Yay for watermelons. It made me think of planting bulbs too. You have to wait half a year until you know if they "took." If only querying and being on submission only took half a year...

Jennie Bailey said...

Love this post! The garden analogy is really good. I'd much prefer watermelon over radishes! I was just telling a friend who is now waiting on notes from her editor on her second book that it seems the waiting never stops, nor do the nerves. It just ups the ante at every step! Crazy!!

Amy L. Sonnichsen said...

Yep, still plugging away for my watermelon! Love this analogy. :D

Farmer friends of ours lost their entire crop of cherries, blueberries and apples this year to FOUR MINUTES of hail. Now there's an analogy we could use in the publishing world!

Liesl Shurtliff said...

Very good thoughts and advice. It's kind of depressing to get an agent, even a book deal, and realize that you're pretty much in a business of waiting at every turn. But it's also good. Gives us time for more ideas to develop.

Krista Van Dolzer said...

Rachel, you sound like me. So many people told me as I was growing up that I was a talented writer, so I foolishly assumed that that was all it took. I had to query four times before I landed an agent, but it did happen, and I have to believe it will happen for you if you just stay the course.

Mina, I think if I can master waiting, I will have mastered all:)

Kristen, we've tried onions a few seasons, but they've never turned out (even though we're supposed to live in prime onion-growing country). I think our soil gets too packed and the onions don't have room to expand. Oh, well. There's always next year...

Melodie, so true! Once you hit that nine-month mark, you should automatically get an agent/book deal/what have you:)

Kimberly, you're so sweet. Happy thoughts and good-news vibes right back at you!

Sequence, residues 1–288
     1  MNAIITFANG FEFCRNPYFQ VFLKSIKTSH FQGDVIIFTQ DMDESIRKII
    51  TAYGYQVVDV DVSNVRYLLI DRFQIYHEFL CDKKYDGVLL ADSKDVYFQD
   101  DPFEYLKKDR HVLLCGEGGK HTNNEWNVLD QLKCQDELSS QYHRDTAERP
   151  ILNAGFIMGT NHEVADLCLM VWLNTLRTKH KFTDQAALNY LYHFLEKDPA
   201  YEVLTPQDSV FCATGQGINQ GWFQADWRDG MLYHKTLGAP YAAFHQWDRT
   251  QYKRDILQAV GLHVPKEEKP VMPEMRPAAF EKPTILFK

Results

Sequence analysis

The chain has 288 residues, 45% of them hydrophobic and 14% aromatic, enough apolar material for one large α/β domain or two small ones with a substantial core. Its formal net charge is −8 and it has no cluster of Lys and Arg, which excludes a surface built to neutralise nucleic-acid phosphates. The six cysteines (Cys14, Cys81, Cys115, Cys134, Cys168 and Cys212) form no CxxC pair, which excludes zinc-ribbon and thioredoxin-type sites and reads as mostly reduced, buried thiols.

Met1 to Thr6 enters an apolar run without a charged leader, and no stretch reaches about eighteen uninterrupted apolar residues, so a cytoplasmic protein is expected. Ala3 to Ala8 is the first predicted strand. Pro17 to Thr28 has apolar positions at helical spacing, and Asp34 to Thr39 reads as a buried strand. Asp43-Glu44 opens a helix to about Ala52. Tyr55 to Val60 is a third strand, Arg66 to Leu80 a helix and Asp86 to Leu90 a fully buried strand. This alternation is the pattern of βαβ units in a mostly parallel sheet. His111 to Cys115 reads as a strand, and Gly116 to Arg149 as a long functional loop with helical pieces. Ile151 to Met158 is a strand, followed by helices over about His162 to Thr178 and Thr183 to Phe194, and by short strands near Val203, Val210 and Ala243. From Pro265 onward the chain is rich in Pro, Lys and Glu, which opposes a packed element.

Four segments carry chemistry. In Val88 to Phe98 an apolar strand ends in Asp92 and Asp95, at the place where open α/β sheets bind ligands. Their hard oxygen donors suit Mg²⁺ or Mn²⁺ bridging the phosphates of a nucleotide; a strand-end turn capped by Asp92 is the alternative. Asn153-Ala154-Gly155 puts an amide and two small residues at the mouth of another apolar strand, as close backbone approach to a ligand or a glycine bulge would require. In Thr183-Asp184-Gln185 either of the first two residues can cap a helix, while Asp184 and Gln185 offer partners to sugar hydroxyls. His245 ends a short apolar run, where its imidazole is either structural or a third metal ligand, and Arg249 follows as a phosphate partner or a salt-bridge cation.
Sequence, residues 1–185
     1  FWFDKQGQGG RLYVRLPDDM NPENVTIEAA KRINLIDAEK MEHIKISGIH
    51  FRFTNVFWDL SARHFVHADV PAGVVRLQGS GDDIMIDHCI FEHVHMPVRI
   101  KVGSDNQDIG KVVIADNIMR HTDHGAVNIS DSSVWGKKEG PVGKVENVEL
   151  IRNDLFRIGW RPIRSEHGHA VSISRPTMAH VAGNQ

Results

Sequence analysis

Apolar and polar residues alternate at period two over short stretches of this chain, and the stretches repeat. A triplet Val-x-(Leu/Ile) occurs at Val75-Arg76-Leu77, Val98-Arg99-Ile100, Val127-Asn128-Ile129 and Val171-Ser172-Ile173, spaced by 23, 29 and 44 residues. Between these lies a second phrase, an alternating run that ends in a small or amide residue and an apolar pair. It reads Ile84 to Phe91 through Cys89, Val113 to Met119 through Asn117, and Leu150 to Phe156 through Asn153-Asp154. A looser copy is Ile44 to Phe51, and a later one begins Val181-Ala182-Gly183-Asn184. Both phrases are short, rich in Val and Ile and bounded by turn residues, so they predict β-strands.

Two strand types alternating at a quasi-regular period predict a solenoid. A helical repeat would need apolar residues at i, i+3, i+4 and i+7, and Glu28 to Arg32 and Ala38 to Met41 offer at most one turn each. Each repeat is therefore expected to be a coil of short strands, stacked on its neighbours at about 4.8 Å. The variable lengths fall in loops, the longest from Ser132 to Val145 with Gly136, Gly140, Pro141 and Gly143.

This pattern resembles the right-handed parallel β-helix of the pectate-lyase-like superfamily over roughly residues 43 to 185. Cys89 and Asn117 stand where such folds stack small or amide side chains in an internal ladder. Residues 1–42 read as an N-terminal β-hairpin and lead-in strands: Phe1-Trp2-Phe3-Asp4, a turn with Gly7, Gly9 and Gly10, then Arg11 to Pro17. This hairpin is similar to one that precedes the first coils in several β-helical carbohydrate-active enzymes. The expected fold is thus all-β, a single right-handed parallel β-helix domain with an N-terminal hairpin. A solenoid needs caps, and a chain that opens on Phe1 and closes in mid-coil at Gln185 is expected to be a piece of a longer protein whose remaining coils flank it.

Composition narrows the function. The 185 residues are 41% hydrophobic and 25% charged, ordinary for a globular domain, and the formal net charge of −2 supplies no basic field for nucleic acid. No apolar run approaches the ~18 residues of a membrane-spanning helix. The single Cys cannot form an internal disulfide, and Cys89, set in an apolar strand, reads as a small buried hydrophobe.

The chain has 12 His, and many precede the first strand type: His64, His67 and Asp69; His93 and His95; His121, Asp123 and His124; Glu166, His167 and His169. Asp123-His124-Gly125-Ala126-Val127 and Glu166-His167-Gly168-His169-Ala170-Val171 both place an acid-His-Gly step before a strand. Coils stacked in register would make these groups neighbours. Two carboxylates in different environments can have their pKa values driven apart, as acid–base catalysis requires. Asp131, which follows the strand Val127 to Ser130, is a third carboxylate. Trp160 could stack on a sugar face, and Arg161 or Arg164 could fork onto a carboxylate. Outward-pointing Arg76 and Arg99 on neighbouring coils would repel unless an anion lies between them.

Jamie, it's a good quote, isn't it? And don't tell anyone, but I don't really like watermelon. But since I'm, like, the only person on the planet who doesn't, I figured the analogy would work:)

No kidding, Leslie! As Melodie mentioned, it seems like books shouldn't take as long to birth as, you know, living things...

Great point, Jennie. Not only does the waiting never end, but the stakes just keep getting bigger. Maybe it's a good thing that this process takes so long; it gives us time to master the virtues we'll need to make it at the next level.

Oh, Amy, what a heartbreaking turn of events for your friends. Are they going to be all right?

Liesl, that's a great way to look at it, since so much of writing is thinking and thinking takes time.

Martin Willoughby said...

Writers need more patience than a doctor's surgery. (works better when you say it)

Kelly Bryson said...

YOU DON'T LIKE WATERMELON??? I'll have to think about that and figure out if there's a way we can still be friends!

Great quote- I'll have to read that whole talk when I'm feeling sorry for myself:)

And Amy- that's awful. I can't even imagine. I think I would cry for weeks.

Krista Van Dolzer said...

Nice pun, Martin:)

Think of it this way, Kelly--if we ever get together to eat watermelon, you'll get to eat my share. So I'm actually a great friend to have around:)

Deana said...

Such a great quote! Having just started the submissions process (in the summer no less) I have a feeling that the waiting game will be something I need to get used to. Yes, it is way better than having to query, but still, I think your analogy and quote was exactly what I needed to hear:)

erica and christy said...

Lovely quotes. It's always nice to read inspirational posts and to find those analogies from life that fit a writer's journey! Best of luck to you on submission! christy

Krista Van Dolzer said...

Good luck with your submissions, Deana! So far, I've found that editors take even longer to respond than agents...

Thanks, Christy! And I like finding those analogies, too:)